Right now there’s a guy I really like. I know when I’m around him I sound like a giggly idiot and a bit socially awkward. He is an intelligent man. He knows I have a thing for him, but I have no idea if he likes me back in that way. He loves making me laugh and whenever we’re around each other we don’t stop talking the entire time. Even on evenings when he’s given me a ride home we will talk for even longer. I’ve seen him look at me and look away as soon as I look back. He always wants to be next to me and leans in whenever he interacts with me. We always have eye contact whenever we talk and have really started to get to know each other more. I feel like there’s something there, but it could all be that he just loves my company as a friend.
For now I’m doing my best not to develop romantic feelings for him because we are friends. I want to respect his friendship, his boundaries, and above all his feelings. I’m not sure what to do. I would love to have something more with him, but I don’t want to ruin what we have now. What should I do?
First of all, TS: congratulations for getting out of that toxic relationship and taking the time to heal and build yourself back up. That’s huge, and you should be proud of what you’ve accomplished.
But at the same time… you should acknowledge what you’ve accomplished and how far you’ve come. Right now it sounds to me like you haven’t quite accepted that someone could think you’re awesome and desirable because you were stuck in a relationship with a toxic and abusive shitbag. This is entirely understandable; relationships leave their mark on us and abusive ones can leave some pretty nasty scars. But there comes a point where you have to not let the ghosts of shitty boyfriends past continue to haunt you to the point that you’re second guessing yourself on a good thing.
This is kind of amusing, TS, because you have the exact opposite problem that Petite Morte does. While PM seems to be leaping into relationships with both feet and not bothering to look, you’re taking the opposite tact and just… not being willing to see the glaringly obvious. It sounds to me like this guy of yours is crazy for you. It’s equally clear that you’re crazy for him.
The problem here is that you’re treating your interest and attraction to him like it’s somehow an inconvenience or that your liking him impinges on his boundaries. Except… that’s not quite how boundaries work? It’d be one thing if he had a partner and the heat between the two of you was coming dangerously close to crossing a line. It would likewise be an issue if he had made it clear that he’d rather you didn’t flirt with him but you can’t stop being so giggly and touchy-feely with him. But none of that’s the case. You two hang out, you have an amazing time and apparently are dealing with the kind of mutual attraction so thick you could cut it with a knife.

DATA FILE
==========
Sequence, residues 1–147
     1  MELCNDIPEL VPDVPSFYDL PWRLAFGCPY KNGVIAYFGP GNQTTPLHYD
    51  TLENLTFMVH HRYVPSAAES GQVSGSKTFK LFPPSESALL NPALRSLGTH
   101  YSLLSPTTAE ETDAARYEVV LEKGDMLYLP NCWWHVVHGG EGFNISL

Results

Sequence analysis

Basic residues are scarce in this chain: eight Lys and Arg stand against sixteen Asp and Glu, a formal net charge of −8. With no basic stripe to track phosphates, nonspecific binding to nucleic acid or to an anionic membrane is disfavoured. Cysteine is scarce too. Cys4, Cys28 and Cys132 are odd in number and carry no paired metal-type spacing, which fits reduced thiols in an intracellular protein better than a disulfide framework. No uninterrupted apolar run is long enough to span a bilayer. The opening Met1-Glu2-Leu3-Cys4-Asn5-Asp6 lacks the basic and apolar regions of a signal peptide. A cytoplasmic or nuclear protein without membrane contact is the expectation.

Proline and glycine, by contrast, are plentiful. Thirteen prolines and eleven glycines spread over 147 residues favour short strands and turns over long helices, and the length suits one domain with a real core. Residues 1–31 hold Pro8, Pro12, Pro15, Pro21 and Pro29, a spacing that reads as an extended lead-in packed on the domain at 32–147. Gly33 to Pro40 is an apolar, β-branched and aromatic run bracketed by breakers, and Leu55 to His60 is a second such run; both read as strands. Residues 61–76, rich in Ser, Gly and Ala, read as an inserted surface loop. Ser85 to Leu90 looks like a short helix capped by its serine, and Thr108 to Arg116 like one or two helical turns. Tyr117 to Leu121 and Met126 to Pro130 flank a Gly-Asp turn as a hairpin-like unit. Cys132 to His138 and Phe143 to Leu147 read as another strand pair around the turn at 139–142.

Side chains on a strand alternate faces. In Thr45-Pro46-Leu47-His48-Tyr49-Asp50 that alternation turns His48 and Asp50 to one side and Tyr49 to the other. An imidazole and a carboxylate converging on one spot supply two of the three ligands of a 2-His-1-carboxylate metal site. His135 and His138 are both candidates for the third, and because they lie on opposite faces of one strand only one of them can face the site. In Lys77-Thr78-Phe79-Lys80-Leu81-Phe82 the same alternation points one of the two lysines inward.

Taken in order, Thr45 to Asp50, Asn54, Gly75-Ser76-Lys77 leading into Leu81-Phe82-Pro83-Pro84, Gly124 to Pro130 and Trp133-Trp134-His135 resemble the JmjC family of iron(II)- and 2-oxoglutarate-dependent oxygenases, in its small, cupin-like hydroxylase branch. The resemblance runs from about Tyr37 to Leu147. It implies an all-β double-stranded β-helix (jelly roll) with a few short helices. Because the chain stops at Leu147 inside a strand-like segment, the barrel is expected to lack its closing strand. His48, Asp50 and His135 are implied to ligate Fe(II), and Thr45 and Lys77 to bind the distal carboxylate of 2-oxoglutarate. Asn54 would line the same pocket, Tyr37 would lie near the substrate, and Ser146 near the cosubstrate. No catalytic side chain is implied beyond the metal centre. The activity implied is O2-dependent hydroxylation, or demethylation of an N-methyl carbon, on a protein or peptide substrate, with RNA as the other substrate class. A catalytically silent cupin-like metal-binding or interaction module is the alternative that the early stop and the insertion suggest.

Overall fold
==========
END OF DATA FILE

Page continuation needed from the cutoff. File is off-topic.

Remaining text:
Well, now one of you needs to make the first move and it might as well be you. Ask him out on a date — not to “hang out some time” or “get together” but an unambiguous and definitive date. Your being into him doesn’t mean that things need to — or even will — get weird. Let him know that it’s totally cool if he’s not interested or doesn’t want to risk things, because you’re cool with being friends too. Your being into him doesn’t mean you can’t be friends; it just means he’s an awesome guy and you’re understandably attracted to him. If you don’t make it a big deal, it won’t be a big deal. If he says “no” and things get a little awkward, then just power through the awkward. The risk of a couple vaguely uncomfortable moments before the two of you laugh at the absurdity of it is a small price to pay for the chance of starting something awesome with a really good guy you’re crazy for.
If you don’t mind, I’m going to skip the usual backstory, pharmacological history, and psychological self analysis, and get to the marrow of my question. When, exactly, did our society degrade to the point that it’s considered acceptable or normal for someone to simply break off all communication with someone, without so much as a “by your leave”?
It’s happened to me quite a few times in the recent past, and quite frankly it mystifies and offends me. It was bad enough when a woman would give me the “You’re a really sweet guy” speech, but this is even worse. (I assume that there are males who behave this way, too, but I only date women.)
Angry About This Maltreatment
Um… it’s always been the case that people could just stop talking to you, AATM. It’s part of the whole “having free will” thing. Nobody is obligated to talk to you if they don’t want to, nor are they required to ask your permission to stop, give you a reason or otherwise explain themselves if they don’t feel the need. It’s often polite or kind to say “hey, thanks but no thanks,” but folks have the right to be rude if they want to be.
That doesn’t mean that it doesn’t frequently suck, that it can’t be confusing or frustrating or depressing. But that’s on them.
Most of the time, that is. Because there’re plenty of times when folks will ghost because having that conversation is going to be a bigger issue… such as when, say, someone is radiating anger issues and is giving indications that saying “hey we didn’t work, peace out, cub scout” is going to trigger a scene. It sounds like you’re a step beyond wanting or preferring a conversation about it not working and getting to the point of feeling like you’re owed one and that ain’t how it works, chief. It kind of sucks if someone decides to vanish on you, but that’s their call. The only thing you can really do is make your peace with it, make your own closure and accept that this is a thing that people do, for a multitude of reasons.
And in the meantime, if you want to quit having people ghost on you like this, then the best thing you can do is start looking into some anger management counseling. ‘cuz if I can feel this radiating off you from an email? Then the people you’re dating can definitely feel it, and that’s gonna send them running like all of hell and half of Hoboken is after them.